Biofilters have been shown to be efficient for removing pollutants from different water effluents, but little information is available about their capacity to remove highly polar pesticides from agricultural run-off waters. In this study, we assess the capacity of three different biofilter-supporting materials (sand, peat soil, and pine bark) to remove five phenoxyacid herbicides (mecoprop, dicamba, MCPA, dichlorprop and 2,4-D) and five non-ionic pesticides (atrazine, simazine, fenitrotion, diazinon, and alachlor) from real agricultural run-off waters. The experimental design included three columns 120 cm in length and 15 cm in diameter, each filled with 100 cm of one of the selected supporting materials. After 30 days of acclimation, the columns were fed with agricultural run-off water spiked at 10 μg L−1 with each of the studied pesticides for 20 days at a hydraulic loading rate (HLR) of 0.32 m day−1. The results show that the sand filter was the best supporting material for removing phenoxyacid herbicides (77% on average), whereas peat soil and pine bark were best for removing non-ionic pesticides (72% on average). The attenuation of mecoprop and dichlorprop correlated negatively with the enantiomeric fraction. Therefore, this study shows that the use of waste-to-product materials in biofilter systems is a good solution for removing pollutants from agricultural run-off waters.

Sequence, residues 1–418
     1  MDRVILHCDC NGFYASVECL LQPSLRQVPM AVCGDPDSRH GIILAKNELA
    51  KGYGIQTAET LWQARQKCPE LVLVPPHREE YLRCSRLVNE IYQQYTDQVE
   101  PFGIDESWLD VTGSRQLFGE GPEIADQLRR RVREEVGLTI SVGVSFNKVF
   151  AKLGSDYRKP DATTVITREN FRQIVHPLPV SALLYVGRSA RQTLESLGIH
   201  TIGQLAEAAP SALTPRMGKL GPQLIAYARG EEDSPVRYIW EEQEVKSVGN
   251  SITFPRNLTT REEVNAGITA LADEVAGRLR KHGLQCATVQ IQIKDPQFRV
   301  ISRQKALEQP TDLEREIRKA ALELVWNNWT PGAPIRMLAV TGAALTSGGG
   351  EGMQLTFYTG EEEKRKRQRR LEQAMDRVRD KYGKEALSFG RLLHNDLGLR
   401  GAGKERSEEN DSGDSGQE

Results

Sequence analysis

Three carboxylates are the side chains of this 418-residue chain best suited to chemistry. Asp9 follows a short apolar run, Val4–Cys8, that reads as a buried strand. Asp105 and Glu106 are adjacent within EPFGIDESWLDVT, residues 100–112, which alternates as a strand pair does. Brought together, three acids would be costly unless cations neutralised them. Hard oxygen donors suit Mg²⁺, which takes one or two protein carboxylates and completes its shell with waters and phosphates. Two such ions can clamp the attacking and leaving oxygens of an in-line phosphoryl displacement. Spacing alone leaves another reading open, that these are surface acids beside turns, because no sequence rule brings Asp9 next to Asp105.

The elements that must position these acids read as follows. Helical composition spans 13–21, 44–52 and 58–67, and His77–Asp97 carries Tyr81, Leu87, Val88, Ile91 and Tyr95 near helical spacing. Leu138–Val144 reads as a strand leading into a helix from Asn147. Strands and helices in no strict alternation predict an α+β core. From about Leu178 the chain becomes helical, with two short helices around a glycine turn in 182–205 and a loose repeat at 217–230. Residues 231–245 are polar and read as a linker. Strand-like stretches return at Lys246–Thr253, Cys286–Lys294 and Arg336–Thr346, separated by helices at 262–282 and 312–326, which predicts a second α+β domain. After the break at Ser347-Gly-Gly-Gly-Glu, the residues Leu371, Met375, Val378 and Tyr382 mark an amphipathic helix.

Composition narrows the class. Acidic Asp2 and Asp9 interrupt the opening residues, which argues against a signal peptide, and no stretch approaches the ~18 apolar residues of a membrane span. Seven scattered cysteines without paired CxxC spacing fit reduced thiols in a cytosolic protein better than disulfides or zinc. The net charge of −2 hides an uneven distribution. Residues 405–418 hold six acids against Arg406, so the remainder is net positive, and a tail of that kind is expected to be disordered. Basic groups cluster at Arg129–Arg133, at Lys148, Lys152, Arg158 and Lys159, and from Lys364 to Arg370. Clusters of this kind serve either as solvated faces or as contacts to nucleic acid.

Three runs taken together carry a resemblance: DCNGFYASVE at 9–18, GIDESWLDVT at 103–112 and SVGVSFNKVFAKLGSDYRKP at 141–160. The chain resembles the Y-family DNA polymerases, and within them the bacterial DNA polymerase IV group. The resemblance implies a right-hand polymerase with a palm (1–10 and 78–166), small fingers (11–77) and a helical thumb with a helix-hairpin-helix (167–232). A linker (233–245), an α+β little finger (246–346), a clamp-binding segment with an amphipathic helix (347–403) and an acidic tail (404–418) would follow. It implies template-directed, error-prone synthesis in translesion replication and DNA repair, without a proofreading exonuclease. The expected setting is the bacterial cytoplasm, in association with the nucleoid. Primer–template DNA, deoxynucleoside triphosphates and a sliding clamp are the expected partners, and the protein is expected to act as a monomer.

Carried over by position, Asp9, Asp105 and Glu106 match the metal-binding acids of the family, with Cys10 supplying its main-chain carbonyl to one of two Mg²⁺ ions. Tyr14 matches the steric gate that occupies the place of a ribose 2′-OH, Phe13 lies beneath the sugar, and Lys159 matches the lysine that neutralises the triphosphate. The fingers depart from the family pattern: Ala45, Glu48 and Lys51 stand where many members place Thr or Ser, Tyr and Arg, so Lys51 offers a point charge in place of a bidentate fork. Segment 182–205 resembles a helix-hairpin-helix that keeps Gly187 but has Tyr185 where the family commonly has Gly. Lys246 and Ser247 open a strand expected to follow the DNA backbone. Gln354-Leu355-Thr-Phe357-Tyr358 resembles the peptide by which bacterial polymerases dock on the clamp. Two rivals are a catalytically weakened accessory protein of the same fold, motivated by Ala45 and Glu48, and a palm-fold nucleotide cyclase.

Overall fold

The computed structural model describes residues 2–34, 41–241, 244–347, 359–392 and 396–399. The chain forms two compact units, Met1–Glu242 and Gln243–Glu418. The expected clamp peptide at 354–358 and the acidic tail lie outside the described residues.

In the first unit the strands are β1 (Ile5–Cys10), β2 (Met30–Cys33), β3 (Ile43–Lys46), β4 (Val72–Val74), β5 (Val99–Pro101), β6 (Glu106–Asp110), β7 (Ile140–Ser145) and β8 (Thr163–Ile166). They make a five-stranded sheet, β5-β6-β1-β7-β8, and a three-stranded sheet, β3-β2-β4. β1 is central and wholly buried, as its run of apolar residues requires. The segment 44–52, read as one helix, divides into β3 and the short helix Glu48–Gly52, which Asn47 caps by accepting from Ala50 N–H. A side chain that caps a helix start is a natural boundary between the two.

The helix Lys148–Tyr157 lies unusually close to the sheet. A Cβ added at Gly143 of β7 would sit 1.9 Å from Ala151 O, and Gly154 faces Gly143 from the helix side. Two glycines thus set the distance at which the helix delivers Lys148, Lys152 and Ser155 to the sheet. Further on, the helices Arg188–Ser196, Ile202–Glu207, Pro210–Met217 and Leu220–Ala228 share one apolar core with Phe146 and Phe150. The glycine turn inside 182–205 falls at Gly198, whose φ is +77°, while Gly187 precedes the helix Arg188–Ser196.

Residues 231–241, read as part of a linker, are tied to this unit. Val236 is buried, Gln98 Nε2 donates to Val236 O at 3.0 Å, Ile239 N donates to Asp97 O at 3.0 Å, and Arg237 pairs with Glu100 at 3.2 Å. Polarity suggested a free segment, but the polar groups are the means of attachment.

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Dr. V. M. would like to acknowledge a Ramon y Cajal contract from the MEC (RYC-2013-12522).
The authors gratefully acknowledge the financial support of the Spanish Ministry of Economy and Competitiveness (MEC) through project CTM2012-33547.
Responsible editor: Philippe Garrigues
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Matamoros, V., Franco, J. Assessing the use of sand, peat soil, and pine bark for the attenuation of polar pesticides from agricultural run-off: a bench-scale column experiment. Environ Sci Pollut Res 25, 20640–20647 (2018). https://doi.org/10.1007/s11356-018-2213-x
- Non-ionic pesticides
- Phenoxyacid herbicides
- Water pollution
- Enantiomeric fraction